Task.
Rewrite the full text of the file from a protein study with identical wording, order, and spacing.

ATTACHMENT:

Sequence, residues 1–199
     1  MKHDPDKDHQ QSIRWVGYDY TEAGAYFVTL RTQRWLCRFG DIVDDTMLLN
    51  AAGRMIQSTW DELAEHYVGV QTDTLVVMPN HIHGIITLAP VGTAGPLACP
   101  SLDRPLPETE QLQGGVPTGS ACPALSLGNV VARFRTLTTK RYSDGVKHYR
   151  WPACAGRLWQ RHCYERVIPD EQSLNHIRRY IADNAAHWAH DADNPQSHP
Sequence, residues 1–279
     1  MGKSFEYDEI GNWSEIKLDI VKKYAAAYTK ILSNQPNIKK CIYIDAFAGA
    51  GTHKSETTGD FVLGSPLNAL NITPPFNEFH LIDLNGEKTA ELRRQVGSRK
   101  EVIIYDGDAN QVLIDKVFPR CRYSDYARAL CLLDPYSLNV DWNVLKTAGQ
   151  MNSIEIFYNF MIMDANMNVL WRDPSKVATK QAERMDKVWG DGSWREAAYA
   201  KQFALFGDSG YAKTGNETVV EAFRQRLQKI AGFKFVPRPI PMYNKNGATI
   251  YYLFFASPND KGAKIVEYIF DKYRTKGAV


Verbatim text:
Sequence, residues 1–199
     1  MKHDPDKDHQ QSIRWVGYDY TEAGAYFVTL RTQRWLCRFG DIVDDTMLLN
    51  AAGRMIQSTW DELAEHYVGV QTDTLVVMPN HIHGIITLAP VGTAGPLACP
   101  SLDRPLPETE QLQGGVPTGS ACPALSLGNV VARFRTLTTK RYSDGVKHYR
   151  WPACAGRLWQ RHCYERVIPD EQSLNHIRRY IADNAAHWAH DADNPQSHP
Sequence, residues 1–279
     1  MGKSFEYDEI GNWSEIKLDI VKKYAAAYTK ILSNQPNIKK CIYIDAFAGA
    51  GTHKSETTGD FVLGSPLNAL NITPPFNEFH LIDLNGEKTA ELRRQVGSRK
   101  EVIIYDGDAN QVLIDKVFPR CRYSDYARAL CLLDPYSLNV DWNVLKTAGQ
   151  MNSIEIFYNF MIMDANMNVL WRDPSKVATK QAERMDKVWG DGSWREAAYA
   201  KQFALFGDSG YAKTGNETVV EAFRQRLQKI AGFKFVPRPI PMYNKNGATI
   251  YYLFFASPND KGAKIVEYIF DKYRTKGAV